It seems clear that Max Levchin knows the unpredictable value of connections: As we noted in our profile of Levchin for our Most Creative People issue, the PayPal cofounder is constantly harvesting ideas from random people. In a recent talk, Levchin detailed how this network thinking was a part of how he and Peter Thiel built PayPal.
"Peter sat me down and he made me write down every smart person I knew in college personally," he told First Round Capital. "Turned out to be a list of about 30 people and we ended up hiring about 24 of those."
This is is why PayPal hired via networks: It was a matter of finding the best talent, vouched for via pre-existing relationships, as quickly and effectively as possible.
"We had this cascading effect where our team would be forced to write down everybody smart they knew that they were absolutely confident they could never hire," he says. "We then went after them like banshees and they would eventually crack."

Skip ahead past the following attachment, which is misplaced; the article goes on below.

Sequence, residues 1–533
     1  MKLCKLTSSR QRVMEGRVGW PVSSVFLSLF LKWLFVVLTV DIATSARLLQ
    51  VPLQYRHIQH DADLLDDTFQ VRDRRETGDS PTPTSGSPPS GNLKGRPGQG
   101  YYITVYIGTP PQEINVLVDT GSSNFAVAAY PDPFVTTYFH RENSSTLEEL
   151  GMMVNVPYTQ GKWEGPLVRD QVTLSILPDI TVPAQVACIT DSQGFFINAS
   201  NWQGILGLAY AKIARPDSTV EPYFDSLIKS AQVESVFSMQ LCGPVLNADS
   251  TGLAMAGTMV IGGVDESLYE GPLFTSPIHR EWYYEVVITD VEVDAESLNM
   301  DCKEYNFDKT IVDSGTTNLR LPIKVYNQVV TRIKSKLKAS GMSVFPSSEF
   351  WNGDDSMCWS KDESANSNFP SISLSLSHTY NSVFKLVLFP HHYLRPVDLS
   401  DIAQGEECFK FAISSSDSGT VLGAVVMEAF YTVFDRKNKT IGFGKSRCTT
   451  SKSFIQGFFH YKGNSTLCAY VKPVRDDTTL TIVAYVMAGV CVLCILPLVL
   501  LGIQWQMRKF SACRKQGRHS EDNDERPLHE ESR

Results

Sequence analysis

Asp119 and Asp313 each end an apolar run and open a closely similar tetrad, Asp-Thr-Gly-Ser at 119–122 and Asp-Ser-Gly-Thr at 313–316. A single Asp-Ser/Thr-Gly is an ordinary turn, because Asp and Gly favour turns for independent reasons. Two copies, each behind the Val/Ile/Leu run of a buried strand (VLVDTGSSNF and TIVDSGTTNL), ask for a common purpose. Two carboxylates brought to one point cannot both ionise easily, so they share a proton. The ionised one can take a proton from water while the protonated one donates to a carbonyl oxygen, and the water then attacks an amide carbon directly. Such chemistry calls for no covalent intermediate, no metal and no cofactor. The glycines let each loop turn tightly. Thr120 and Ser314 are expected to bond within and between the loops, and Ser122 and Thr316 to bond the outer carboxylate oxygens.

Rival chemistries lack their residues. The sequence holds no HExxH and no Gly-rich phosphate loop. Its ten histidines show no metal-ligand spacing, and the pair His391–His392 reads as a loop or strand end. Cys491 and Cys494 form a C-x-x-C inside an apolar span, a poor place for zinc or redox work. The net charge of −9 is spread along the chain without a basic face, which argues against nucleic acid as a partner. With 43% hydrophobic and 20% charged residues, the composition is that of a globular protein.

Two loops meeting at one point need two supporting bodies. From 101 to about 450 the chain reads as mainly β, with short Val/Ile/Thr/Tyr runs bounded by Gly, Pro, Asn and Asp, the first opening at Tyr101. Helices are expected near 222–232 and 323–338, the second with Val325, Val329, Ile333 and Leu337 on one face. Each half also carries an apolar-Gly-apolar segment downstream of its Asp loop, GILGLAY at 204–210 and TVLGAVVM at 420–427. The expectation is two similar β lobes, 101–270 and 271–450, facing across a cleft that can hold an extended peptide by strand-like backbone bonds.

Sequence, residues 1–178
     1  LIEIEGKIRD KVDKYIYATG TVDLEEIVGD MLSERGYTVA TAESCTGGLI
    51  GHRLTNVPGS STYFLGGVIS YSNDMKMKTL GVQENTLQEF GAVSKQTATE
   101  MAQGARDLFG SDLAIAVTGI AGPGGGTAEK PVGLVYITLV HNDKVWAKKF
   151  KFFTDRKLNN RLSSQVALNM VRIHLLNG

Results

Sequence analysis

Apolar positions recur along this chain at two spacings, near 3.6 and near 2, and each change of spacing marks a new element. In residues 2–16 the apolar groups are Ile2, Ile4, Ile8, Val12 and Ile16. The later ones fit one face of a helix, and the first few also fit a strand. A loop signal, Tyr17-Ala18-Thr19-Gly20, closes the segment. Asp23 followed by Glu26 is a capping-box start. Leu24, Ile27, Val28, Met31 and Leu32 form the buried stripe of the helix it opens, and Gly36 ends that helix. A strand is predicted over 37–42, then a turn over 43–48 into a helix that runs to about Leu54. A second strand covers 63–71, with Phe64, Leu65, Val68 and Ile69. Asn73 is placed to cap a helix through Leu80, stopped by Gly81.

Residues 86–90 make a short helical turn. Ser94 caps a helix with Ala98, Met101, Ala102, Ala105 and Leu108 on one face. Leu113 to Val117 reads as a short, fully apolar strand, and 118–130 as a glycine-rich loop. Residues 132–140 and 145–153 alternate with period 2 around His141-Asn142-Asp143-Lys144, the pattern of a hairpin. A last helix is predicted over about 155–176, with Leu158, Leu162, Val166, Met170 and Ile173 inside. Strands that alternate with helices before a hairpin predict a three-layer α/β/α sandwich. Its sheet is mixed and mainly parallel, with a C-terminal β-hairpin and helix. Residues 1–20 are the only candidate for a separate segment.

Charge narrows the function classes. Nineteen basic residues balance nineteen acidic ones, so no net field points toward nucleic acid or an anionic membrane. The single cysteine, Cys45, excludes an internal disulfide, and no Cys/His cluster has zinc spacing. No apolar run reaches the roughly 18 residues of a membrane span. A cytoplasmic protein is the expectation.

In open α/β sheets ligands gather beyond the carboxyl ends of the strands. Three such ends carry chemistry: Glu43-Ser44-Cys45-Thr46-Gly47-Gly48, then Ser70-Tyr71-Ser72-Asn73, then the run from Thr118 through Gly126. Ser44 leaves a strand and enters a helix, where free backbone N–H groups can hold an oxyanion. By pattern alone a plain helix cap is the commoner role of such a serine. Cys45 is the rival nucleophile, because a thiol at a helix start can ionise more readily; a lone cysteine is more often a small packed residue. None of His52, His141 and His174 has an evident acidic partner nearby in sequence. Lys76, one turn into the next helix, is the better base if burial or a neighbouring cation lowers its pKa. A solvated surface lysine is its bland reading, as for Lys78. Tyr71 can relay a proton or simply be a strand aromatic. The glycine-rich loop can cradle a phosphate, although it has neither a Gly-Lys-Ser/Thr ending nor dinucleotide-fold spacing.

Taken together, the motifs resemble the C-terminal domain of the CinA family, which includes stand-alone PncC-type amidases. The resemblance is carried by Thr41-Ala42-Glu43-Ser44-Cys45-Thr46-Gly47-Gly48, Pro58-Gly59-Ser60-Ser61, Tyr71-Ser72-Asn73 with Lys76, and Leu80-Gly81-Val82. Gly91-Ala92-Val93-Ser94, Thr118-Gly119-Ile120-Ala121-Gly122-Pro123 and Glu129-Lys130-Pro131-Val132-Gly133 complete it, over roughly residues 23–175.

Hiring who you know is part of why companies tend to replicate themselves. People hire people that confirm their sense of self--which reduces the time spent in the hiring process.
But it also reduces the demographic, cultural, and personality diversity within an org--a blind spot for innovating through cross-pollination or having a empathy for a range of potential users. But, as Levchin argues, a "diversity of thought" slows down the velocity necessary for an early-stage startup's survival.
Bottom Line: To nab the best talent, leverage the network you have and the one you're building. But know the possible downsides.
[Image: Flickr user Steve Snodgrass]